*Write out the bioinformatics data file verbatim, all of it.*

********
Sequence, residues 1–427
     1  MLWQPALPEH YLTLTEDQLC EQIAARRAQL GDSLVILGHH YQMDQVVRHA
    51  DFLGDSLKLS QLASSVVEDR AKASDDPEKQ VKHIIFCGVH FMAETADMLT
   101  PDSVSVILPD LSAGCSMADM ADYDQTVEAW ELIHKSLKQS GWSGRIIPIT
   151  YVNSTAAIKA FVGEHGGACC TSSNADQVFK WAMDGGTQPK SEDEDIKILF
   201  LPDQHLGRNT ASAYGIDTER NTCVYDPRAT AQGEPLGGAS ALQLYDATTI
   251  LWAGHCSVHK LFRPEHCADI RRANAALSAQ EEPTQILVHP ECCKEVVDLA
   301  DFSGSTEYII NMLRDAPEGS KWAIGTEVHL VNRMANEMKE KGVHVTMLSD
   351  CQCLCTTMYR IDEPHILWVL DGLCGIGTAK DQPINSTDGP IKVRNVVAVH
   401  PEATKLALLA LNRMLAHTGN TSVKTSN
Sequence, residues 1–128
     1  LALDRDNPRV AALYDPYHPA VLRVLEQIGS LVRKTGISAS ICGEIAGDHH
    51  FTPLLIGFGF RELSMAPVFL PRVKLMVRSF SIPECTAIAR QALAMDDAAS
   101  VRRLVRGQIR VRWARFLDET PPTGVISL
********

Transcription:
Sequence, residues 1–427
     1  MLWQPALPEH YLTLTEDQLC EQIAARRAQL GDSLVILGHH YQMDQVVRHA
    51  DFLGDSLKLS QLASSVVEDR AKASDDPEKQ VKHIIFCGVH FMAETADMLT
   101  PDSVSVILPD LSAGCSMADM ADYDQTVEAW ELIHKSLKQS GWSGRIIPIT
   151  YVNSTAAIKA FVGEHGGACC TSSNADQVFK WAMDGGTQPK SEDEDIKILF
   201  LPDQHLGRNT ASAYGIDTER NTCVYDPRAT AQGEPLGGAS ALQLYDATTI
   251  LWAGHCSVHK LFRPEHCADI RRANAALSAQ EEPTQILVHP ECCKEVVDLA
   301  DFSGSTEYII NMLRDAPEGS KWAIGTEVHL VNRMANEMKE KGVHVTMLSD
   351  CQCLCTTMYR IDEPHILWVL DGLCGIGTAK DQPINSTDGP IKVRNVVAVH
   401  PEATKLALLA LNRMLAHTGN TSVKTSN
Sequence, residues 1–128
     1  LALDRDNPRV AALYDPYHPA VLRVLEQIGS LVRKTGISAS ICGEIAGDHH
    51  FTPLLIGFGF RELSMAPVFL PRVKLMVRSF SIPECTAIAR QALAMDDAAS
   101  VRRLVRGQIR VRWARFLDET PPTGVISL